Voyeur didn't violate the law, judge rules - FOX 13 News

Voyeur didn't violate the law, judge rules

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TAMPA (FOX 13) -

Last October surveillance video from an Orange County Target had folks jaws on the floor.

Deputies busted a guy saying he put his cell-phone under his cart and was shooting up women's skirts.

Just the idea of it, is enough to turn most stomachs.

So how in the world did a guy in Boston walk free this week after allegedly shooting upskirt videos of women on the trains? Local defense attorney Anthony Rickman says the judge didn't screw up, the state law was the problem.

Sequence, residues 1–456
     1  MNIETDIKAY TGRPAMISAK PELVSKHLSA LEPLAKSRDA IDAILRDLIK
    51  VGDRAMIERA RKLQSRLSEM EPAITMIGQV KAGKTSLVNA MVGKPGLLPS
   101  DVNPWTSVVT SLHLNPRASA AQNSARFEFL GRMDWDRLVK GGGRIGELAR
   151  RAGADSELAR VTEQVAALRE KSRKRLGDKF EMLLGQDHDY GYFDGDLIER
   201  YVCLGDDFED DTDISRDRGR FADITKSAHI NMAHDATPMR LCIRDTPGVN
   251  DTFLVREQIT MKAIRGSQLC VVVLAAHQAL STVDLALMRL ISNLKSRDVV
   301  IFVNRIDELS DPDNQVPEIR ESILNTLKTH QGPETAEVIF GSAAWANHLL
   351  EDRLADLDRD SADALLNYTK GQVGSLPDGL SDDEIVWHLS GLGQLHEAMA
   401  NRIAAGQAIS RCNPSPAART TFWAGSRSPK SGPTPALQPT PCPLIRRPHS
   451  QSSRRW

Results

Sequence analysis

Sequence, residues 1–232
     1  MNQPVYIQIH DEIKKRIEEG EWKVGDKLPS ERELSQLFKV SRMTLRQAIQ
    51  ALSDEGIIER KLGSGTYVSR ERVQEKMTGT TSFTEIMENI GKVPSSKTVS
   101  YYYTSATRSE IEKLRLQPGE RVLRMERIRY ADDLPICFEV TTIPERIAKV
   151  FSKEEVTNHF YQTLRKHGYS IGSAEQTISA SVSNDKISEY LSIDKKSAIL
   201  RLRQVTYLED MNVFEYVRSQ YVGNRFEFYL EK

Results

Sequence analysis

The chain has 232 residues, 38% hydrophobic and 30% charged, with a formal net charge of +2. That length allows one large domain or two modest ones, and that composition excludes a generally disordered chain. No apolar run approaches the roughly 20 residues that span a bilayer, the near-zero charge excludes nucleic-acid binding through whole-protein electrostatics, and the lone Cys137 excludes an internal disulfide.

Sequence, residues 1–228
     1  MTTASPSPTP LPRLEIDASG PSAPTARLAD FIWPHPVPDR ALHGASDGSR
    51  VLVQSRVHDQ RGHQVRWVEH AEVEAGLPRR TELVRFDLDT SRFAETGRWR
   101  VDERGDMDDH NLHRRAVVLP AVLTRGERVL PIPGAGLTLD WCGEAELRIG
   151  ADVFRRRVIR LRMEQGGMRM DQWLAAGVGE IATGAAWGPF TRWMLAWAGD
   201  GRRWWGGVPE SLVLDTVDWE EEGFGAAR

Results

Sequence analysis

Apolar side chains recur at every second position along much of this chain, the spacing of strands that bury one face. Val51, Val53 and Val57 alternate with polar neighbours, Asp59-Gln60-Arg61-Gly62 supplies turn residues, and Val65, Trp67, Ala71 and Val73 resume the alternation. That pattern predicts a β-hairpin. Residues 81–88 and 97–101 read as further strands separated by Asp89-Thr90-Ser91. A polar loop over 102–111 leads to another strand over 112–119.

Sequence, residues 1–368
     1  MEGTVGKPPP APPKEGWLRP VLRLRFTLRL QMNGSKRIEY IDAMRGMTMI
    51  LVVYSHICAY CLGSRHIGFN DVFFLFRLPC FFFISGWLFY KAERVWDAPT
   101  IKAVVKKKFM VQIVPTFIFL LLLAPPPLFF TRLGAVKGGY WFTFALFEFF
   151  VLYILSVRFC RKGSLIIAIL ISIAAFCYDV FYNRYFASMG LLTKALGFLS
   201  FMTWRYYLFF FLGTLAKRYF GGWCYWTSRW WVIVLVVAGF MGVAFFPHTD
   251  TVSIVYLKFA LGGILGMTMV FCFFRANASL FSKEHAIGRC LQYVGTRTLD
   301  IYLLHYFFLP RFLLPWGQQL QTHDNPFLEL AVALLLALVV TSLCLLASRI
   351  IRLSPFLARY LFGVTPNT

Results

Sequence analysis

"The judge followed the four corners of the law as it was written," Rickman said.

In essence, the ruling up north said the woman was not partially nude, nor was she in a private place, so technically no law was broken.

"If what happened in Massachusetts happened in Florida it would be a crime. That person would be convicted," he said.

Rickman says Florida's video voyeurism law is similar to Massachusetts, but goes even further.

"Florida prohibits you from taking a pic of underwear or under clothes or through their clothes in any circumstance if that person doesn't know or give consent," Rickman said.

Rickman says unlike Massachusetts' law, Florida's got it right.

"You do have a reasonable expectation of privacy in your private parts in what's under a woman's skirt," he said.

"Massachusetts should follow Florida's lead," he noted.

They are, lawmakers in Boston are now racing to fix their loop-holes, passing a bill to shutdown upskirts.

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